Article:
Blattisocius mali (Oudemans), known as a predator of some species of storage pest mites, was reared on frozen eggs of Tyrophagus putrescentiae (Schrank) alone (Tp) but also supplemented with cattail (Tp + cattail) and olive (Tp + olive) pollen. Life table parameters of B. mali were evaluated in the first (G1), eighth (G8) and sixteenth (G16) generation on the three different diets. Survival of the immatures of the predator was not affected by the tested diets, whereas it significantly differed among generations. The highest and lowest mortality was observed in the G8 and G1 generations, respectively, on all diets. Except for the total pre-oviposition period (TPOP) and the adult pre-oviposition period (APOP), all life table parameters of B. mali were affected by the different diets; In G1, supplementation of (Tp) with both pollens significantly increased the fecundity, oviposition period and female life span of B. mali. Population growth parameters of the predator like intrinsic rate of increase (r), net reproductive rate (R0) and finite rate of increase (λ) significantly increased with the supplementation of (Tp) with cattail pollen. However, in G8 and G16, B. mali reared on the two combinations significantly showed the lowest values of oviposition period, female and male life span and mean generation time (T) (only F8). Except for female and male developmental times and TPOP, other biological parameters of B. mali significantly differ across generations. Adding both pollens to the frozen eggs of the prey mite, significantly decreased fecundity, oviposition period, female and male life span and population parameters such as (r), (T), (λ) of B. mali in G16 compared with G1. With comparison of the effects of diet through the generations on biological and population parameters of B. mali, it is concluded that frozen eggs of T. putrescentiae is strongly advisable for mass-rearing of the predator and mixed frozen diets (containing pollen) is suggested as supplemental diet for establishment of the predator after release.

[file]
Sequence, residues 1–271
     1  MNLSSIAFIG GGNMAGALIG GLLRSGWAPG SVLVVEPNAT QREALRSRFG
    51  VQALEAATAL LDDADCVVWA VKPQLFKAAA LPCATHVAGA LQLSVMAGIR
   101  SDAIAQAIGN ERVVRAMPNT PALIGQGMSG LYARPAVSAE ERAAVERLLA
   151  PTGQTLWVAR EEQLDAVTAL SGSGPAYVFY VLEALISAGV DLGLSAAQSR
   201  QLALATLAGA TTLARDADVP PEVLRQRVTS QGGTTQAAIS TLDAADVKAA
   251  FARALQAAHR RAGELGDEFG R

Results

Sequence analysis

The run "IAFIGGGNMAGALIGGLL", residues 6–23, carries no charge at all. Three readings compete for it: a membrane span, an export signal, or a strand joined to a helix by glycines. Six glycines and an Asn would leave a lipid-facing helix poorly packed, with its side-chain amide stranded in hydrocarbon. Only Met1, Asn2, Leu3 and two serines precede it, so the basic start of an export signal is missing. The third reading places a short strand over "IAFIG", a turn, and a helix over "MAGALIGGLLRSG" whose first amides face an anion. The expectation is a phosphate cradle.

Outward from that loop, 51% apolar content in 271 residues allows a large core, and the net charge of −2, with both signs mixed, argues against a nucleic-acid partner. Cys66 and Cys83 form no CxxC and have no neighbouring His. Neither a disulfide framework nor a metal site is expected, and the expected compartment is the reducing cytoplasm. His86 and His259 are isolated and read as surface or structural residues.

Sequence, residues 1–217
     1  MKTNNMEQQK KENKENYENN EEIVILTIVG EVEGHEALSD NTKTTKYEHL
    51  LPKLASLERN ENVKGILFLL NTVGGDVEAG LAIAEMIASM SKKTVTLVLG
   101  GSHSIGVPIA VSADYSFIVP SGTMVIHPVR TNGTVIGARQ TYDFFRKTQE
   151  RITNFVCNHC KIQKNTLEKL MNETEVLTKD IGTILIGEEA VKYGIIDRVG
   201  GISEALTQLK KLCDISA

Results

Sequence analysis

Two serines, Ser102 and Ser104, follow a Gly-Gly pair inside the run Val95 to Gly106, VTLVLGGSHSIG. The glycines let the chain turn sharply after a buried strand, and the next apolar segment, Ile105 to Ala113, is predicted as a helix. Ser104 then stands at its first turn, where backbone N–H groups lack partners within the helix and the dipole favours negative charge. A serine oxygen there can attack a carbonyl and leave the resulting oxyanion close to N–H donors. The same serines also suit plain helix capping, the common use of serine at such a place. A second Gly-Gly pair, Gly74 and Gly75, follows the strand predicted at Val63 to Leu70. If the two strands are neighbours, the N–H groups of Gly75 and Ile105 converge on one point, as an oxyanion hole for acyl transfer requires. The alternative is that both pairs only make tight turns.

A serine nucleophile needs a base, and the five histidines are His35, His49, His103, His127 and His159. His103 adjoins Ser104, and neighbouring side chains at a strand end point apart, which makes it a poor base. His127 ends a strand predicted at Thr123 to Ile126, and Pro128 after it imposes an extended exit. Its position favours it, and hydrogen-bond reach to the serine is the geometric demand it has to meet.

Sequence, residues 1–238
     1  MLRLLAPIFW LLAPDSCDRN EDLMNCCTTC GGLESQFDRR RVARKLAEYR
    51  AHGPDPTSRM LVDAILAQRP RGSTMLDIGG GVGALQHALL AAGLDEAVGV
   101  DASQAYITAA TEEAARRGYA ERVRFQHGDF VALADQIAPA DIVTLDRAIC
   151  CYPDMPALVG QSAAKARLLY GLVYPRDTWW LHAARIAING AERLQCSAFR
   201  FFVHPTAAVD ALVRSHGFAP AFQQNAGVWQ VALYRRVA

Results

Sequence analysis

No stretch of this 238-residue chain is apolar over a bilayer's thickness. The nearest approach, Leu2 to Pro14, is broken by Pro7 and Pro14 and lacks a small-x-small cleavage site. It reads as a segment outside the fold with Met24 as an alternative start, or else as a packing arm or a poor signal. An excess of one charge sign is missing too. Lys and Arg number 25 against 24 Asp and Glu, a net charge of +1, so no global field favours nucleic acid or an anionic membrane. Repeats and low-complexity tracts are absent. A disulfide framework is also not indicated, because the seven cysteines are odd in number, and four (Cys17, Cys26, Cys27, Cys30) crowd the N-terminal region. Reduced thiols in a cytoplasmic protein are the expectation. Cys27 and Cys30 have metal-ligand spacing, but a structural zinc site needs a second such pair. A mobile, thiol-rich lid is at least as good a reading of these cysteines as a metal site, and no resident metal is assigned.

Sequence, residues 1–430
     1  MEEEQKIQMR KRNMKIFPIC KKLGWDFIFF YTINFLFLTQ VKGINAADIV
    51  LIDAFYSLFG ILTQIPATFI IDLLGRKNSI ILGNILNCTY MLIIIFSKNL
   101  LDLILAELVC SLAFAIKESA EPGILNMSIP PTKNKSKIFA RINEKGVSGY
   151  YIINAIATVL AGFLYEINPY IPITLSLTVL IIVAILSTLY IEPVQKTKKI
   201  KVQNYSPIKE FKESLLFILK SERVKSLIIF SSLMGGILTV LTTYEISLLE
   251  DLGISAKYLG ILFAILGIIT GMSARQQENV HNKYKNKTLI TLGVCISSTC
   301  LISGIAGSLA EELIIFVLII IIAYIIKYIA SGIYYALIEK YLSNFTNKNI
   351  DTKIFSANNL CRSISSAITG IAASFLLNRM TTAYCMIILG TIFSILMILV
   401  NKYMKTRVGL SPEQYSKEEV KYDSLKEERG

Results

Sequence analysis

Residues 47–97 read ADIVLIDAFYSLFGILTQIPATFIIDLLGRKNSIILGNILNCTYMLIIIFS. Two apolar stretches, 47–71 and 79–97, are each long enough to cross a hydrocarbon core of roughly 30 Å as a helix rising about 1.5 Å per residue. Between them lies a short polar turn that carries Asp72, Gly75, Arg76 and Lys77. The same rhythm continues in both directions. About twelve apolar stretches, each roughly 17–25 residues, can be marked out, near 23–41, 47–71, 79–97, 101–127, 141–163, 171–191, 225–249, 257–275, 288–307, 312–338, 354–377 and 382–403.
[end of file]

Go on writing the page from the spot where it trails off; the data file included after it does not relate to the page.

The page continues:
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Vol. 27 • No. 3